View from around the state: Nuclear should be in mix for Wisconsin’s power grid
Gov. Scott Walker is going to unveil sometime in the next several months a statewide energy plan. Included in the plan will be a proposal to lift the state’s moratorium on building new nuclear plants. It should be.
That does not mean that someone will start building new nuclear plants tomorrow. Nor does it mean that the tragedy in Japan doesn’t have lessons for Wisconsin. It just means that discussion and proposals for eventually building new plants will no longer be off the table.
That’s important, because as Wisconsin moves forward into an energy future that needs to be less dependent on carbon-based fuels, nuclear power plants can be an important part of that future.
What Wisconsin needs – what the country needs – is a balanced portfolio. Coal is still the mainstay of electricity generation, but when it comes to carbon emissions that contribute to climate change, it’s the dirtiest fuel. Efforts to make it cleaner have had limited success. Still, given the abundance of coal resources in the United States, it makes sense to continue those efforts.
Natural gas is better, but it’s still a carbon fuel, emitting about half of the carbon emissions that coal plants do. But building more natural gas plants makes sense to reduce the reliance on coal.
Alternative fuels such as solar and wind are preferable, but they have a reliability problem: The sun doesn’t always shine, and the wind doesn’t always blow. For the foreseeable future, they remain — with such sources as biomass – promising technologies that can help at the edges of power production but can’t provide the base load generation on which businesses and families rely.
Those alternatives should receive more encouragement and support from Walker’s administration — and he said recently he is open to them — but right now they can’t meet the full need.
Nuclear power can provide base load generation. And although there are some environmental issues in production of the fuel, the plants themselves generate zero carbon emissions. That continues to make nuclear a viable option if the state and country are serious about reducing carbon emissions.
Yes, there are issues. And the earthquake and tsunami that hammered Japan’s Fukushima Dai-ichi plant are severe reminders of the need for adequate preparation and thinking through all the contingencies.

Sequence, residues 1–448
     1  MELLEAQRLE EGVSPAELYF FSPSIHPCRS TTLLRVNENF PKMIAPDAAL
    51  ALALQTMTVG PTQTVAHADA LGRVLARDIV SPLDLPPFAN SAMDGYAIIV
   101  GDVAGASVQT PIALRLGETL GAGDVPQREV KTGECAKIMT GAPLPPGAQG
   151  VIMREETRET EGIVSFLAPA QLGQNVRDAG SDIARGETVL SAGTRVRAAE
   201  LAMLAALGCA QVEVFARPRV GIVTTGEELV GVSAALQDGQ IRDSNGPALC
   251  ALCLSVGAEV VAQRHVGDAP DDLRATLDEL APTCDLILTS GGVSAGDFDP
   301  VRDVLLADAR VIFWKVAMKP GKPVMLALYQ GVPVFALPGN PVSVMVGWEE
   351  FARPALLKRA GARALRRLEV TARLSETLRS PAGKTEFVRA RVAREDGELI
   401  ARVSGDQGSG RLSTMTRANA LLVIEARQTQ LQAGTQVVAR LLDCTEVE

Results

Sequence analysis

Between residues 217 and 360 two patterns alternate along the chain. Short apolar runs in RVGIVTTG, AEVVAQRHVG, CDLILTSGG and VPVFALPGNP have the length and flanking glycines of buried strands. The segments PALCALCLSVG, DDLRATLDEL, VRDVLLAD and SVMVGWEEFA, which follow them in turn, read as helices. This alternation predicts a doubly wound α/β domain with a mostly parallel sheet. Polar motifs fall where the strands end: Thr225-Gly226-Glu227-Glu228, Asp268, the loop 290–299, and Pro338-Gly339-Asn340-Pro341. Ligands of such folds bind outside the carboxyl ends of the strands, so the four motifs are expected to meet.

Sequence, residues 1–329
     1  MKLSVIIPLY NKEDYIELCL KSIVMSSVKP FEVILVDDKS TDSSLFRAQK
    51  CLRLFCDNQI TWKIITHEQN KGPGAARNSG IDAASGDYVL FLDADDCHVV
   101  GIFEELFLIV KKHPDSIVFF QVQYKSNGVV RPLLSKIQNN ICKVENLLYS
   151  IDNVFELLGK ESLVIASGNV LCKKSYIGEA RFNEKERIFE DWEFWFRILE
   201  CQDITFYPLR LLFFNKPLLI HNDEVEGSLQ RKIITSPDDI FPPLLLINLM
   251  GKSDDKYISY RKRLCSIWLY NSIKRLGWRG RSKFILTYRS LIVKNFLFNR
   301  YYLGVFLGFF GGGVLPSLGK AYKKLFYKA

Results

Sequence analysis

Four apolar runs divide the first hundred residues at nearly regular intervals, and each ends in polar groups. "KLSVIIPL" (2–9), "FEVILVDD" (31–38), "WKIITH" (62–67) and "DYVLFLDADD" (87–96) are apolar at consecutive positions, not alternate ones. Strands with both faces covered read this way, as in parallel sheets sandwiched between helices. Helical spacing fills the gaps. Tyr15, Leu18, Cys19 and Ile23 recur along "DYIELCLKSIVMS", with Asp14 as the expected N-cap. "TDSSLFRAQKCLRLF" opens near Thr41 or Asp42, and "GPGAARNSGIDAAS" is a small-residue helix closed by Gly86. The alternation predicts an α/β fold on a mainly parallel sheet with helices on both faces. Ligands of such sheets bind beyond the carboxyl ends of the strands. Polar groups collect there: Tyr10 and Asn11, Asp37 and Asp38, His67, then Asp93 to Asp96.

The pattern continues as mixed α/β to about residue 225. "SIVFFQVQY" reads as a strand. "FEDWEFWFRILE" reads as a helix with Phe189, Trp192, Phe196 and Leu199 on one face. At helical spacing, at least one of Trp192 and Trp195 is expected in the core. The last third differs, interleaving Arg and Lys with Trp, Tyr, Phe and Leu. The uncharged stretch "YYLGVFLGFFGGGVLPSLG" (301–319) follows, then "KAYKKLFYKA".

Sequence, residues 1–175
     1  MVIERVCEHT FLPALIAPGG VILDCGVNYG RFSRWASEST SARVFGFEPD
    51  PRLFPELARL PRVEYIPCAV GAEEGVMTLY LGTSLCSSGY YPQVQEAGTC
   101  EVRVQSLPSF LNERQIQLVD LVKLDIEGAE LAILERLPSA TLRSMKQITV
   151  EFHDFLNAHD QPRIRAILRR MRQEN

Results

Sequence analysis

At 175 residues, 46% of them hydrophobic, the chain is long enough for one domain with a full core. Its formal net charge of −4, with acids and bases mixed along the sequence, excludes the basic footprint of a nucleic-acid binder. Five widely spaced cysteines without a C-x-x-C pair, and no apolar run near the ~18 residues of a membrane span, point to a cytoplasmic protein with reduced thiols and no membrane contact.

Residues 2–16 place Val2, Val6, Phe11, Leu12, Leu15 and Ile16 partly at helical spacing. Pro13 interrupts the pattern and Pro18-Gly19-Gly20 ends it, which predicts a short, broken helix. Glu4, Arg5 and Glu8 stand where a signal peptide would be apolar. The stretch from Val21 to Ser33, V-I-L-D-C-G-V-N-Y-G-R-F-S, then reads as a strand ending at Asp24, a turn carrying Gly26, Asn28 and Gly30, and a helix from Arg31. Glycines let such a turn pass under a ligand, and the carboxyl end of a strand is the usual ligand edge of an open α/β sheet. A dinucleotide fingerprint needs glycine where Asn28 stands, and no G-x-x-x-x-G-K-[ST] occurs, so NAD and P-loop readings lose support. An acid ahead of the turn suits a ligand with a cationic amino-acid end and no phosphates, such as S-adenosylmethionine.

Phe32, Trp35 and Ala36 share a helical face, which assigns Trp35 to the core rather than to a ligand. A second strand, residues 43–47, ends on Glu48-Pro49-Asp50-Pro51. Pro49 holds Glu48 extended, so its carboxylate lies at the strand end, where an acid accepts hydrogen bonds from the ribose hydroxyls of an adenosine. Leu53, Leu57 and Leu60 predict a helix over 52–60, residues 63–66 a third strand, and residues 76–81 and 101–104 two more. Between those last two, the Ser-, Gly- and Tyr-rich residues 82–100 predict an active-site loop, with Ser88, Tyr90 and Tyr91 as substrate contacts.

While it’s true that not every disaster can be predicted, it is beginning to appear that there may have been some design flaws at the Fukushima plant given its proximity to a fault line and the ocean. Plant owners were slow to release information about the true nature of the disaster at times. And emergency plans may not have been adequate.
There is no guarantee that every plant in the U.S. is better protected from a similar disaster than the Fukushima plant was. The Nuclear Regulatory Commission’s safety review in the wake of the Japan disaster is in order. But U.S. plants do appear to be safer, and one thing we know for sure: Wisconsin’s plants at Point Beach and Kewaunee do not sit on earthquake fault lines and passed a 2010 safety review with flying colors. Also, the next generation of plants will be safer than the Fukushima plant.
Nuclear waste remains a worry, especially in the wake of President Barack Obama’s decision to shutter the Yucca Mountain repository. Revisiting that issue makes sense, as does reprocessing, which reduces dangers from waste. Efforts to lessen the danger of nuclear waste are ongoing and should be pressed.
Critics also argue that nuclear plants are expensive — and likely to get more expensive in the wake of Japan — and that Wisconsin has adequate power generation now. Both are good points. And odds are that not many single companies — and no single utility — can afford to build, say, a 1,000-megawatt plant. But consortiums of companies could. And the future of nuclear power may lie in smaller modular plants that are simpler and cheaper.
While the state’s energy needs are being met now, climate change regulations could affect the future of the state’s fleet of coal plants. If that’s the case, let’s at least start talking about nuclear plants as an option to replace the coal plants.
As Walker develops his energy plan for Wisconsin, he needs to keep in mind that the state can’t afford to ignore any fuel source. Nor can he ignore the effects of climate change and the requirements that the federal government may impose on utilities.
A balanced portfolio should include traditional base load power plants — perhaps heavier on natural gas — as well as renewable sources such as wind and solar. And, yes, nuclear, too.
Milwaukee Journal Sentinel
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